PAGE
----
Halong from Cave

Our boat, the Cristina Diamond, one was on these white boats. It was great. 


Floating village

A floating village. Not many of these left. One of them grows cultured pearls. The man below shows how they do it: open the oyster, put it in the frame, drop a tiny grain of mother-of-pearl matrix into the oyster, place a small spherical base into it, close it, pop it back in the water, come back in a few months. 

culturing a pearl


Setting sun breaking thruJoe on balcony boat

We had a great time.



Hanoi, discussions —

Hanoi, discussions

Apartm 1

Tuyen drove us around the north side of Hanoi on what looked like a new highway. Here is where the new developments are happening: huge apartment buildings that look like “projects” but aren’t. They are expensive and desirable. No streetscape, all high-rise, at least in this picture. This is called “Singapore-style.” Nearby, one developer, Vinhomes, has covered many acres of land with gated neighborhoods villas:

See my post Hanoi II, Realism, back in mid-December, for the painting that captures this.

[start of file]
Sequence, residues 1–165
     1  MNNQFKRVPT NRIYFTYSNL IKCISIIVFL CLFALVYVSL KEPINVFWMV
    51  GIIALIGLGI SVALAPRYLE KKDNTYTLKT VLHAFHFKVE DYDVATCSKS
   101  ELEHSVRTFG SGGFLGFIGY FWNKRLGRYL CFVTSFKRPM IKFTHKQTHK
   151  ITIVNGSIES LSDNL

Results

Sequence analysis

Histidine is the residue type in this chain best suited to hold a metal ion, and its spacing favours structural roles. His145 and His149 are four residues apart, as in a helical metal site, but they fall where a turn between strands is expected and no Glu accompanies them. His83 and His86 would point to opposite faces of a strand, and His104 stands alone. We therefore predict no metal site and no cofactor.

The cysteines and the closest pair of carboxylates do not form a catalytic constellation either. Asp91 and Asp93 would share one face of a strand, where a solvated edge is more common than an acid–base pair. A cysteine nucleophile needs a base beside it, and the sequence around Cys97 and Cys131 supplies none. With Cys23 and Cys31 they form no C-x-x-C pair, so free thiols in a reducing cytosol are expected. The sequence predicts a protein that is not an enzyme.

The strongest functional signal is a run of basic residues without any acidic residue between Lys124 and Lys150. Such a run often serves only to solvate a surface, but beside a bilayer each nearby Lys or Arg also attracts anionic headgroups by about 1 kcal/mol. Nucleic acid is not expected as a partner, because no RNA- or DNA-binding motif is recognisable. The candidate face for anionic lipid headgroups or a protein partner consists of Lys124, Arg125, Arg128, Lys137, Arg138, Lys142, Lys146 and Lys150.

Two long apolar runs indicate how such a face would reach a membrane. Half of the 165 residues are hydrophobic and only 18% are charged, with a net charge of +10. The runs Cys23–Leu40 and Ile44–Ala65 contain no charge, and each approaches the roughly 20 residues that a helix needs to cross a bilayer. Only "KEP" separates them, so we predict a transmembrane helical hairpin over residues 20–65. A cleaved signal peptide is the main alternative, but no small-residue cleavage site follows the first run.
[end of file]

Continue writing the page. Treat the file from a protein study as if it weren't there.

We had dinner with a young couple who live in this area. These were agricultural lands. (You can still see this; cattle were walking along the road we are driving on, and rice is growing in between the developments.) The permit for their development was rushed through in 6 days, which also happened to be the 6 days before something in the law changed that would have stopped the development. It may have been related to how much the people were being paid for their land. They protested and were met with police action, and when the young woman we talked with tried to find out what had happened — since she had just moved into this development herself – she found herself being questioned by police.